2. Caregivers’ input: Babysitters, preschool teachers, and anyone else who regularly spends time with our kids can often see a side of them that we’re not always privy to. That’s a good thing! A friend’s daughter was described as “a leader” by her preschool teacher. Those are not words my friend would use to describe her child when watching her interact with others! Teachers get a glimpse of our school-going kids before we do. Sit down with your child’s teacher; ask questions, listen to the answers. Do with the information what you will, but at least ask.
3. Kindergarten teachers: I
stalked spoke with elementary school teachers, namely of the Kindergarten variety, regarding when to send my kiddo. Here are some interesting tidbits from my conversations:
- ALL of the teachers agreed that they can pick out the late summer birthday students blindfolded. Size, emotional insecurity, ability to vocalize their needs, and usually boys are all “signs” of younger students.
- Because the teachers don’t know most of the students on their incoming rosters, they first look at the birth dates. One teacher confided in me that she and her colleagues will enact a trade of sorts: “You take the two August birthdays, and I’ll take the three July’s.” I’m a high school teacher and I look at last names of the students’ on my rosters; by the time I get them, their reputation precedes them. But in elementary school? The birth date is often the indicator of a student’s personality. Not always, mind you, but often.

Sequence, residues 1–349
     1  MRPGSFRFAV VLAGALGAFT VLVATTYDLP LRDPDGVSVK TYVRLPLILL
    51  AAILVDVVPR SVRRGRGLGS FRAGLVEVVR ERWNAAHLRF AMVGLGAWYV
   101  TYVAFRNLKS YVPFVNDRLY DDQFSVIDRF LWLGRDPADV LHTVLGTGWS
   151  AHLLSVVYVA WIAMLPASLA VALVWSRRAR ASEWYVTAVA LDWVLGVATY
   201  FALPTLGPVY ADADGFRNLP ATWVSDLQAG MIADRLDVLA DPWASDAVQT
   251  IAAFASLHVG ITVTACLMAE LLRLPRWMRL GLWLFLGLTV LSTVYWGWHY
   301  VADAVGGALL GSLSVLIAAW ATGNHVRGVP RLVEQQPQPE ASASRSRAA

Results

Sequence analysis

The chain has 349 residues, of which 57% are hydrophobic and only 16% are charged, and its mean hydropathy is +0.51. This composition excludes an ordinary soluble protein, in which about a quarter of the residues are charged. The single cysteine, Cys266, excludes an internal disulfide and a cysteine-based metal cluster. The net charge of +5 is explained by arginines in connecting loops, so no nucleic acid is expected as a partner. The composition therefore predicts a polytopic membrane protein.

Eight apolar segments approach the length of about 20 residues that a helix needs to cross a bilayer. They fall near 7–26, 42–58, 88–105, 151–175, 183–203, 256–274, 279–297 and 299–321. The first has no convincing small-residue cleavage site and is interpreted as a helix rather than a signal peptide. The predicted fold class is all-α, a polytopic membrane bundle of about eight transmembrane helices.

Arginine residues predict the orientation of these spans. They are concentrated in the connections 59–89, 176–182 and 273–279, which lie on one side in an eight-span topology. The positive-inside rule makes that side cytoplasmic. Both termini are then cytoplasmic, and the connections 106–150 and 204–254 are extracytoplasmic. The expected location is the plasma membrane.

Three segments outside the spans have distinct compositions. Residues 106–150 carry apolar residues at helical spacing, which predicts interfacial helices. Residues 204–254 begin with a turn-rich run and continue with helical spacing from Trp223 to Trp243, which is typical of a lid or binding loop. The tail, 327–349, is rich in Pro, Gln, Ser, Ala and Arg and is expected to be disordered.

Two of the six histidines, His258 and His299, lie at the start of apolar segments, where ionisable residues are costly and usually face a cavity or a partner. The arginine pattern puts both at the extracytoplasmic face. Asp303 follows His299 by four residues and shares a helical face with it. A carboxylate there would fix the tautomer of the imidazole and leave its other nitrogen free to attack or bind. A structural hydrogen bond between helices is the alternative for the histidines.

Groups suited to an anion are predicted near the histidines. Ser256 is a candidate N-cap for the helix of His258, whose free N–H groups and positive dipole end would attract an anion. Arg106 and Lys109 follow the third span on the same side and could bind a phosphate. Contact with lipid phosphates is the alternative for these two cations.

- Teachers confessed that if a student is behind in the beginning of the school year, it’s likely he’ll be behind at the end. What a crappy start to formal education. He’ll be frustrated and, more than likely, not enjoy school. Boo. Hiss.
- All but ONE of the teachers pointblank told me to hold my kid back one more year.
4. Emotional aptitude: Does your kid cry at the drop of a hat? Have a difficult time explaining how he’s feeling? That’s definitely something to consider when sending him off to elementary school, where the stakes are higher than they were when we attended.